“I hesitate to make any broad statements about whether it is or is not quote ‘safe’ for kids to come back to school. When you talk about children going back to school and their safety, it really depends on the level of viral activity and the particular area that you’re talking about. What happens all too often — understandably, but sometimes misleadingly — is that we talk about the country as a whole in a unidimensional away.” Dr. Anthony Fauci

Also, some have seen the article from the British Columbia CDC posted earlier related to “no evidence of airborne spread.” Sadly, I didn’t see this until after I had done the interview with Dr. McKinsey. So I emailed him, and he confirmed that within the physicians circles, this seems well accepted. All of the latest data suggests that it is droplet transmission, not aerosol/airborne. ”Bottom line is that since the beginning of the COVID pandemic, droplet transmission has been postulated as the main means of spread and now the data are confirming this. Airborne spread would have been very bad news.” I followed up and asked if that means masked singing would be a significant increase in safety (a different angle than what we were told in webinar on May 5.) He said, “That’s exactly right. Droplets containing virus are trapped by the face mask, protecting the wearer. (And others if they wear one it’s a two way street.) In theory, with an airborne pathogen, a mask would not filter the virus (unless it was a N-95 mask) but that is not of practical importance with SARS CoV-2”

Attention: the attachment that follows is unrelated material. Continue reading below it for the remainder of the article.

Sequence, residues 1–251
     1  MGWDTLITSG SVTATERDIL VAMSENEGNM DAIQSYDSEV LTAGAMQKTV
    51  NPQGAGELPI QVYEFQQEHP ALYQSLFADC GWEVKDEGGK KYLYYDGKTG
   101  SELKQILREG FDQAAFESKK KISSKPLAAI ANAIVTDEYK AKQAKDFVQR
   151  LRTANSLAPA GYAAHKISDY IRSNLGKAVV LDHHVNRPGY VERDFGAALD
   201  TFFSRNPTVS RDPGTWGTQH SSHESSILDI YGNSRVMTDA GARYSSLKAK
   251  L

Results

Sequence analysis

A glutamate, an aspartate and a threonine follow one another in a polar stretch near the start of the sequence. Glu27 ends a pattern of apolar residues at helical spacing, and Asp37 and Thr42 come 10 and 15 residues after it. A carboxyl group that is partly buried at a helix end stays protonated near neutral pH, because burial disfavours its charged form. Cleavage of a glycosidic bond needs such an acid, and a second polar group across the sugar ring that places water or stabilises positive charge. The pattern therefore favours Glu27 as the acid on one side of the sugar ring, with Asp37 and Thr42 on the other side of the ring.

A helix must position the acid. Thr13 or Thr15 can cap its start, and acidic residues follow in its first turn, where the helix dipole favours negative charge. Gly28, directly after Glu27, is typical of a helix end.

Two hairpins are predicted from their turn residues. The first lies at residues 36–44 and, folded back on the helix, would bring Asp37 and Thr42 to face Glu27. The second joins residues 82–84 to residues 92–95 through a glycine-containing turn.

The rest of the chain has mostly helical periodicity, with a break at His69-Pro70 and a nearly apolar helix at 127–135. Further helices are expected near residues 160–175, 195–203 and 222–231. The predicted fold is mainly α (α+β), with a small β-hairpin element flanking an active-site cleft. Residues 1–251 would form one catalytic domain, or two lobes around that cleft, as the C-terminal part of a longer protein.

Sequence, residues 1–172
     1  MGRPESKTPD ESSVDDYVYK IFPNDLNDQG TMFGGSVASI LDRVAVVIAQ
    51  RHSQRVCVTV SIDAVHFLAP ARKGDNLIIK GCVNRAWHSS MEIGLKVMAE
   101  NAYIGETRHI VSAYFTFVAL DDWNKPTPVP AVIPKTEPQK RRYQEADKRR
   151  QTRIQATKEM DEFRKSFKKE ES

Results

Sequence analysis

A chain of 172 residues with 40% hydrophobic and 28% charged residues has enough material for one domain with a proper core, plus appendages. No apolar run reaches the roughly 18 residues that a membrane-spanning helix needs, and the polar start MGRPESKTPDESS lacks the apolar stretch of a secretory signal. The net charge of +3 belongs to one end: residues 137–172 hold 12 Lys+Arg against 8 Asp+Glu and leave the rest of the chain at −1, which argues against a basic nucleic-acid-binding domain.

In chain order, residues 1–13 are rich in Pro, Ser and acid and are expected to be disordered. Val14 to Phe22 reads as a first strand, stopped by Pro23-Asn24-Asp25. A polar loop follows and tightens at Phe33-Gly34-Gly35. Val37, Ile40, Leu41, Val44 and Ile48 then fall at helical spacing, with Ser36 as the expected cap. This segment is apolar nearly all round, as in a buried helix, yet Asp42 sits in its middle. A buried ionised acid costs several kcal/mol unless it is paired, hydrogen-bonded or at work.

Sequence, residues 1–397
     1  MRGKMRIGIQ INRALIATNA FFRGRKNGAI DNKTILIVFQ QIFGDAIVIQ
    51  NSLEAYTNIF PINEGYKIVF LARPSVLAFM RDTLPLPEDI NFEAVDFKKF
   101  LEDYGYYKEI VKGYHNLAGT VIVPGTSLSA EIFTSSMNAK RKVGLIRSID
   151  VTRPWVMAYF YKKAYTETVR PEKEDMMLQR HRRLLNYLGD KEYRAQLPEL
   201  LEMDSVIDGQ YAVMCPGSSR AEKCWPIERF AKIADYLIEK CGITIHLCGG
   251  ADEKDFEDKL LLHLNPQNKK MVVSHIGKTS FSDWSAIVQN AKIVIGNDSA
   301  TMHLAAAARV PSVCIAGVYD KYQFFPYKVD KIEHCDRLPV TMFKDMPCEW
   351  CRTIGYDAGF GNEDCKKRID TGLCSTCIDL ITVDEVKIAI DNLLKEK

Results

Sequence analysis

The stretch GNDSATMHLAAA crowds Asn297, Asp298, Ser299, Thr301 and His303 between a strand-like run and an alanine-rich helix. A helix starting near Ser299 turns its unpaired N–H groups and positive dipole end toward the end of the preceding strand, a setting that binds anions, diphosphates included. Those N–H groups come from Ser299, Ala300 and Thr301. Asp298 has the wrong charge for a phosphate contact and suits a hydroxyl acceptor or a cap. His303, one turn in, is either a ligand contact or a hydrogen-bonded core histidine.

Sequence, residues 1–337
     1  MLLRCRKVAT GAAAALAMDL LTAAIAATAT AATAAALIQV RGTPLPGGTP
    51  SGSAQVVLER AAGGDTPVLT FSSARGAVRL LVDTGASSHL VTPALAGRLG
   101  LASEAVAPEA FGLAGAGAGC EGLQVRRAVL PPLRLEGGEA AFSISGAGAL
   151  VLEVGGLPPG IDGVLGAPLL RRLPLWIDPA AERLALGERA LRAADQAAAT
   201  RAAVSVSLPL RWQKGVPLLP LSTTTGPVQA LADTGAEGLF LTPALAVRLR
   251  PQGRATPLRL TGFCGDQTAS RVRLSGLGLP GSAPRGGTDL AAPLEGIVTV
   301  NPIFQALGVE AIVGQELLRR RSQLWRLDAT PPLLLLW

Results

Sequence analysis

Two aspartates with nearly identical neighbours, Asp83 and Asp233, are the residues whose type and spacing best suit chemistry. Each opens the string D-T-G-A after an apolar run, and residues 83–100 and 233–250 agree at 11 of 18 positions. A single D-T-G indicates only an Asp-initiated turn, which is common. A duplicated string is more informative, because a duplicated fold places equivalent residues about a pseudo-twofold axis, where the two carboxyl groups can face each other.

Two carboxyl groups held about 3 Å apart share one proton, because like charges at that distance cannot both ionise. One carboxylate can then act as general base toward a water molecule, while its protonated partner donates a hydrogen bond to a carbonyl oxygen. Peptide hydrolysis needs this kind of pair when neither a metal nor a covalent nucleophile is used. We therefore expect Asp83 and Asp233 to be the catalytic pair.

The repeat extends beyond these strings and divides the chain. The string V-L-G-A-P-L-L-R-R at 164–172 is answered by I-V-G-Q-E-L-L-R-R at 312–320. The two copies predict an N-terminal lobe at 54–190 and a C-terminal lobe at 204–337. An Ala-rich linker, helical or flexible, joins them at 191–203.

Lastly, I am really embarrassed by the sound quality of this episode. For that, I am sorry.


Watch all episodes on YouTube!
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Some critical misunderstandings in pandemic world: (As a lay person I had to work pretty hard to wrap my head around this. I am sure some lay people already get this, but many don’t)

  1. Conflating, unintentionally, getting infected or exposed to SARS-Cov-2 (a virus) with being diagnosed with COVID-19 (a disease) One does not always lead to another. (CDC best estimate shows 35% infected will show no symptoms)
  2. Conflating, unintentionally, the Case Fatality Rate or CFR with the Infection Fatality Rate or IFR.
  3. Not understanding that the number you see on the news and on data tracking websites is real time info that is not at all informative or helpful. Starts as a crude number and gets refined with vetting. Many areas have seen this crude number look like 4-7% or 4-7 out of 100 are dying.

Understanding the two vetted numbers: